Transition and Growth in Post-Communist Countries
Show Less

Transition and Growth in Post-Communist Countries

The Ten-year Experience

Edited by Lucjan T. Orlowski

Transition and Growth in Post-Communist Countries documents the first ten years of economic transition in Central and Eastern Europe.
Buy Book in Print
Show Summary Details

Chapter 13: Restoring hope, rewarding work: pension reforms in post-communist economies

Michal Rutkowski

Extract

13. Restoring hope, rewarding work: pension reforms in post-communist economies Michal Rutkowski1 INTRODUCTION This chapter focuses on changes that are taking place in the retirement pension systems of post-communist economies. These changes are not replicas of earlier models. They entail serious and often unprecedented reforms in managing the allocation of people’s income during their lifetime. The common denominator of these reforms is the replacement of a vicious circle of low expected future pensions and declining contributions by a virtuous cycle of higher expectations and improved compliance that leads to higher savings, growth and, therefore, the actual value of future pensions. A key element of the change is an introduction of a close linkage between lifetime pension contributions and retirement benefits in a multipillar framework that comprises, inter alia, a mandatory funded pillar managed by the private sector. For current workers, pension reforms lead to an increase in the net present value (NPV) of future pensions (‘restoring hope’), and an increase in the pension levels of those who earn more and work longer (‘rewarding work’), while the minimum pension is preserved. ENTERING THE 1990s AND THE IMPACT OF TRANSITION Even though government intervention in the area of pensions in Europe has a 100-year history, the current systems were decisively shaped by changes introduced after the Second World War. The generation coming to retirement age in the next few decades had suffered during the war and was retiring in the midst of an economic and demographic boom. Many belonged to schemes that...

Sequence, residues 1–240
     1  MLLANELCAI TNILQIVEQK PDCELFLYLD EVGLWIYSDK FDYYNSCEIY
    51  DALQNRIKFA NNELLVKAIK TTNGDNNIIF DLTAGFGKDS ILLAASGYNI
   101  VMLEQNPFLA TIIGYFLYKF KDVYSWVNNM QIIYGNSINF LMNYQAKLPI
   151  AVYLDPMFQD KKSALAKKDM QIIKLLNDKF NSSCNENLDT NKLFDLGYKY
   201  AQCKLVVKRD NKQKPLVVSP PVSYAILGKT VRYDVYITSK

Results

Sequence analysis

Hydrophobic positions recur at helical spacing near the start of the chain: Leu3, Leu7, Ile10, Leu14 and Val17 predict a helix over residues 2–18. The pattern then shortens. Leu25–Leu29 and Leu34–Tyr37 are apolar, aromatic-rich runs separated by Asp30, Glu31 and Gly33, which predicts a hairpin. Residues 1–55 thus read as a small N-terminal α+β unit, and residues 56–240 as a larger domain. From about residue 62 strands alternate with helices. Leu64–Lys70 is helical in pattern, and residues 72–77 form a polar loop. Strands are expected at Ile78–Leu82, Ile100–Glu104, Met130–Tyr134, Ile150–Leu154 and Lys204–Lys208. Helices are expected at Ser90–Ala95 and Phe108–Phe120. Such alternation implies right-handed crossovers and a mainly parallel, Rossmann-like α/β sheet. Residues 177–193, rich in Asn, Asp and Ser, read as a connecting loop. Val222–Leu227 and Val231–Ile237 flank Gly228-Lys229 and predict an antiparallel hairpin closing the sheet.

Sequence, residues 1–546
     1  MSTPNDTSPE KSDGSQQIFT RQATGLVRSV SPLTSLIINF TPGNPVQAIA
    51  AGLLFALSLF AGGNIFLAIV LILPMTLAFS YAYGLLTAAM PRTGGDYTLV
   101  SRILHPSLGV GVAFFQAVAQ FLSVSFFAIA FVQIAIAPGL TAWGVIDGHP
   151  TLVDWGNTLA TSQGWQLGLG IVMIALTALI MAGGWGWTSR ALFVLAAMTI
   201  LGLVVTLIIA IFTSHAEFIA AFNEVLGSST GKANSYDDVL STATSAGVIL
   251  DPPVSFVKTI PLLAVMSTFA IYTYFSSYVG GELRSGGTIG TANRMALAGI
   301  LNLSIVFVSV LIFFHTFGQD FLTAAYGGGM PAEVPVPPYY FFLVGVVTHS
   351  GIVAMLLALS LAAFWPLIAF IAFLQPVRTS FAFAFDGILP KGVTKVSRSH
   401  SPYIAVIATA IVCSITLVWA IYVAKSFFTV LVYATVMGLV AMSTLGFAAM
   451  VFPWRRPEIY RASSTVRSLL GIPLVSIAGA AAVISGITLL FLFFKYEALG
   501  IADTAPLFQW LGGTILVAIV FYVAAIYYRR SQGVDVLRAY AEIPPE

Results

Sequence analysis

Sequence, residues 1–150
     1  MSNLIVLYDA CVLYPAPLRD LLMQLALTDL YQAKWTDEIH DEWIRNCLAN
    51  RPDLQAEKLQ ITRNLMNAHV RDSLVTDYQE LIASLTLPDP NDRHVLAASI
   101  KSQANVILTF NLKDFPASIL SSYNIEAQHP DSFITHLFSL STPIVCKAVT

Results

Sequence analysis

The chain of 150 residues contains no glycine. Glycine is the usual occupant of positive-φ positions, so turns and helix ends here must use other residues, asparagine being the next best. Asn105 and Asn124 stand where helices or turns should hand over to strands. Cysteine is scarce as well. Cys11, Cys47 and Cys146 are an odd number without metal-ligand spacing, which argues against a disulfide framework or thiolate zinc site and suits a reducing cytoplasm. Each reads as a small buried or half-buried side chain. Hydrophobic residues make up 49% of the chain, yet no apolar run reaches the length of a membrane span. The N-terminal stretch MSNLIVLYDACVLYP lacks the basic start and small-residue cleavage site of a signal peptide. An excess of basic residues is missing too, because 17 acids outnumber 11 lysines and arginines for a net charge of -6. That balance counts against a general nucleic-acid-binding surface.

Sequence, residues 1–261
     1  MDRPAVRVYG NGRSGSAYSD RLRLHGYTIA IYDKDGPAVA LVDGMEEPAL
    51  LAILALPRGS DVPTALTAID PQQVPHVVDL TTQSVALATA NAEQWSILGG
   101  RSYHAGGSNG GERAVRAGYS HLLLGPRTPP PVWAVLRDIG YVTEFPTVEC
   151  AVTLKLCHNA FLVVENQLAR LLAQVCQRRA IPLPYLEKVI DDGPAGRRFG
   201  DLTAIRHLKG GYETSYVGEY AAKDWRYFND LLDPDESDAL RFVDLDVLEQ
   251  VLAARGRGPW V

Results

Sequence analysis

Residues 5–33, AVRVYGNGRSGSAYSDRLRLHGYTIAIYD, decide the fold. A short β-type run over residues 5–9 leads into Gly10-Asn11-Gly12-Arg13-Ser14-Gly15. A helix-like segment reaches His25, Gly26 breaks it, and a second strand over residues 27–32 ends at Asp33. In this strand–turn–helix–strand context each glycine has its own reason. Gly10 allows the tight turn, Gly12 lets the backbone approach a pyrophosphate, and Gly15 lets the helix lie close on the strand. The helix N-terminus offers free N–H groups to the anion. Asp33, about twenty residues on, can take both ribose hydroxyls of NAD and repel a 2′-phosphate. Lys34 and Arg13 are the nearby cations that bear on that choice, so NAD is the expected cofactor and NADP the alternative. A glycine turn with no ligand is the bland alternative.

You are not authenticated to view the full text of this chapter or article.

Elgaronline requires a subscription or purchase to access the full text of books or journals. Please login through your library system or with your personal username and password on the homepage.

Non-subscribers can freely search the site, view abstracts/ extracts and download selected front matter and introductory chapters for personal use.

Your library may not have purchased all subject areas. If you are authenticated and think you should have access to this title, please contact your librarian.


Further information

or login to access all content.